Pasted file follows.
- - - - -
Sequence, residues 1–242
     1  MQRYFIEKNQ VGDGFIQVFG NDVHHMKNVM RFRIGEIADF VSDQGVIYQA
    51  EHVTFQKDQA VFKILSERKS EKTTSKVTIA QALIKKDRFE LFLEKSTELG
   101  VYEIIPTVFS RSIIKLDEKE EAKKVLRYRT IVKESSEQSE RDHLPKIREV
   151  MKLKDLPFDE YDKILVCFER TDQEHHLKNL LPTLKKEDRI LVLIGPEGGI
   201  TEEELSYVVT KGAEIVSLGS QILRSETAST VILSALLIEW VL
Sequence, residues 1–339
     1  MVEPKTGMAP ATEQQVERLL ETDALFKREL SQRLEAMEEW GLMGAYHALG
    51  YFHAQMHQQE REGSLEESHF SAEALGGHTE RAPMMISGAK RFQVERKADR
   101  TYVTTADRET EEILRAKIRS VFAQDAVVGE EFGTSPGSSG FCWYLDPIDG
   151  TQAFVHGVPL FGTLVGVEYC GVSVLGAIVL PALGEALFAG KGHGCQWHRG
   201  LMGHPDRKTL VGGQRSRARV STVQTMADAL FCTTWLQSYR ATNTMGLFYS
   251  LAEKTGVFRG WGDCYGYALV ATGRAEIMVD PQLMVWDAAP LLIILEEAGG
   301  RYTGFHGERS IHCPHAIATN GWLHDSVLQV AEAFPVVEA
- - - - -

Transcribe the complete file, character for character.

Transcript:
Sequence, residues 1–242
     1  MQRYFIEKNQ VGDGFIQVFG NDVHHMKNVM RFRIGEIADF VSDQGVIYQA
    51  EHVTFQKDQA VFKILSERKS EKTTSKVTIA QALIKKDRFE LFLEKSTELG
   101  VYEIIPTVFS RSIIKLDEKE EAKKVLRYRT IVKESSEQSE RDHLPKIREV
   151  MKLKDLPFDE YDKILVCFER TDQEHHLKNL LPTLKKEDRI LVLIGPEGGI
   201  TEEELSYVVT KGAEIVSLGS QILRSETAST VILSALLIEW VL
Sequence, residues 1–339
     1  MVEPKTGMAP ATEQQVERLL ETDALFKREL SQRLEAMEEW GLMGAYHALG
    51  YFHAQMHQQE REGSLEESHF SAEALGGHTE RAPMMISGAK RFQVERKADR
   101  TYVTTADRET EEILRAKIRS VFAQDAVVGE EFGTSPGSSG FCWYLDPIDG
   151  TQAFVHGVPL FGTLVGVEYC GVSVLGAIVL PALGEALFAG KGHGCQWHRG
   201  LMGHPDRKTL VGGQRSRARV STVQTMADAL FCTTWLQSYR ATNTMGLFYS
   251  LAEKTGVFRG WGDCYGYALV ATGRAEIMVD PQLMVWDAAP LLIILEEAGG
   301  RYTGFHGERS IHCPHAIATN GWLHDSVLQV AEAFPVVEA